CBR Bingo Square: Violence
Maddeningly, I now don’t know what put Dorothy Hughes’s 1947 noir In a Lonely Place on my radar. (I thought it was Susan Straight’s 1001-book literary map of America, but…apparently not?) All I know is that I am a sucker for A) mystery novels, and B) novels about my home state, and what reliably ticks both boxes? Noir. And Dorothy Hughes was a new discovery for me, which made this novel all the more appealing.
Also, deliciously, In a Lonely Place isn’t a whodunnit, because we know from very early who, exactly, is strangling young brunette women in post-WWII Los Angeles: it’s the main character, Dixon Steele, himself. Dix is a demobilized American pilot who finds himself lost and adrift now that the war is over, and he has washed up in LA, where he appears to be sponging off an old college friend (living in his apartment and wearing his clothes while the guy is “in Rio”) and, every month, murdering a young woman. Dix fancies himself clever and rational, but his own actions undermine this from the start when he impulsively decides to look up his old army buddy Brub Nicolai, who is now happily married to a cool, beautiful blonde named Sylvia and, just as importantly, is a detective working the case of the serial strangler haunting the byways of LA. Dix also starts up a flirtation with a neighbor, the beautiful redheaded would-be actress Laurel. (All the women are beautiful. It is a noir, after all.)
The NYRB reprint edition I read includes an excellent foreword that argues the novel is a stealth feminist classic, revealing Dix’s inherent misogyny (he both desires and despises the women he encounters, which drives his criminal behavior), and it’s true that Dix overestimates his rationality and underestimates that of the women around him: he is in fact profoundly insecure, emotional, and neurotic, traits he constantly projects onto Laurel, who is wounded from a failed first marriage into a rich family. But it is also a portrait of how war can take someone with Dix’s insecurities and amplify them profoundly: WWII gave him focus and purpose, and the Air Force created a hierarchy that wasn’t based on wealth, which Dix, as a middle-class Princeton man, found comforting, but has lost now that the war is over. Having tasted both wealth (at Princeton) and respect and success (as a pilot), Dix doesn’t know what to do with himself, and he takes it out on the women he murders, and also, to some extent, on men like Brub, who seem to have what he lacks (happiness, stability, community, and, yes, at least some money). Hughes writes, from Dix’s perspective, “He would not think about it, he would never think of that again. It was long ago in an ancient past. To hell with happiness. More important was excitement and power and the hot stir of lust. Those made you forget. They made happiness a pink marshmallow.” Indeed, excitement and power are what Dix craves most, and murder is the only way he has now to recapture those feelings he could acceptably pursue during the war.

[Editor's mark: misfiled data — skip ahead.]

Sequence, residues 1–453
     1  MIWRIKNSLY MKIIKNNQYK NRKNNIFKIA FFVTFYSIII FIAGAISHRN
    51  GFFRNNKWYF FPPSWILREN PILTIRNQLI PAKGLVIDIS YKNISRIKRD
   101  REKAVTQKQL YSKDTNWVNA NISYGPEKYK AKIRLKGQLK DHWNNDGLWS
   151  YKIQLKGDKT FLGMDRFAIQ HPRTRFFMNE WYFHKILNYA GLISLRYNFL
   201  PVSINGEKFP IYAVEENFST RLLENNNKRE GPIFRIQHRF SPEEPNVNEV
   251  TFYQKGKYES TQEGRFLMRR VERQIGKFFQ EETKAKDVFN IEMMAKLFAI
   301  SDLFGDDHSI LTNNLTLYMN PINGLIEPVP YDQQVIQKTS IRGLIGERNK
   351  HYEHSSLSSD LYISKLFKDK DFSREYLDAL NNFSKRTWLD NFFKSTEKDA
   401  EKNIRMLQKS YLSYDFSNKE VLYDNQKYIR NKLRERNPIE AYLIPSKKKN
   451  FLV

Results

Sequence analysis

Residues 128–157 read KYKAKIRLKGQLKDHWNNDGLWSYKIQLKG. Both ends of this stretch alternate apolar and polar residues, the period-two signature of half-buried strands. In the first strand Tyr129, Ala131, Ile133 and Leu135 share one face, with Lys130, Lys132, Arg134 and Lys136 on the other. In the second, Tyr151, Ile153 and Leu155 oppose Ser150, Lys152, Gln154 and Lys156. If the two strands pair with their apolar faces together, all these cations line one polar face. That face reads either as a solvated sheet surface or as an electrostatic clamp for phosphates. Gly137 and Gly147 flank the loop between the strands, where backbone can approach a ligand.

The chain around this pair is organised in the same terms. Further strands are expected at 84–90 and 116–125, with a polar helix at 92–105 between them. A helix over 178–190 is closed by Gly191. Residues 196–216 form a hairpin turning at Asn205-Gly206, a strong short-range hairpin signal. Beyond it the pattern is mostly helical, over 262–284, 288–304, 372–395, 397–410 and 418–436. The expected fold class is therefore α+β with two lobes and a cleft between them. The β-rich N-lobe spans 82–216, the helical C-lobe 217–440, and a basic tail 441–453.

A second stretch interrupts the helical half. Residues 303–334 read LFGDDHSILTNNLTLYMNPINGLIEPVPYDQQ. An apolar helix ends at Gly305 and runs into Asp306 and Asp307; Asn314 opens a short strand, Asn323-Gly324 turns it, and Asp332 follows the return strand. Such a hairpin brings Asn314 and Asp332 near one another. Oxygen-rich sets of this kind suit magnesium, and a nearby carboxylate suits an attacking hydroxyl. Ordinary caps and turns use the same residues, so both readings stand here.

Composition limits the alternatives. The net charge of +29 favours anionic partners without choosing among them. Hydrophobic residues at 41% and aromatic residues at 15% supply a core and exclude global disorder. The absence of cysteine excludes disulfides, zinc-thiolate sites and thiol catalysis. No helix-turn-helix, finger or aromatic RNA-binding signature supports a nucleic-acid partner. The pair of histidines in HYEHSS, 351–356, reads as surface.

The thrill of the novel is not the mystery of the murders, but rather of how Dix will ultimately get caught, because of course he will: driven as he is by his insecurities and desires, and reading everyone else’s happiness as a personal slight against himself, Dix is nowhere near as rational as he thinks, and is bound to slip in front of Brub or Sylvia or Laurel. But how he’ll slip, and how the trap will snap shut around him, is what is so compulsively readable. Hughes also captures so well all the little signifiers of life in Los Angeles: what clothes spell out and suggest, what different streets and neighborhoods and restaurants mean, in a way that makes it clear she knew the California she wrote about.
Hughes wrote fourteen novels, most of then between 1940-1952. It makes it sound like she had a short career, but she was also a lauded critic of detective fiction who reviewed the genre for forty years for multiple newspapers, including the LA Times and the New York Herald-Tribune, and she wrote the original landmark critical biography of Erle Stanley Gardner, the creator of Perry Mason. However it was that I stumbled upon this novel, I’m glad I did, and I’m going to have to read more Hughes going forward.
(Also, this book feels like a successor to Fritz Lang’s movie M and a major predecessor to novels like American Psycho, given the technique of making your murderer the main character.)
Content note: Dix is a misogynist murderer, obvs, and Hughes suggests without detail that he’s also a rapist (she is not prurient or voyeuristic about this; expect no details); also, a dog is killed at one point, too.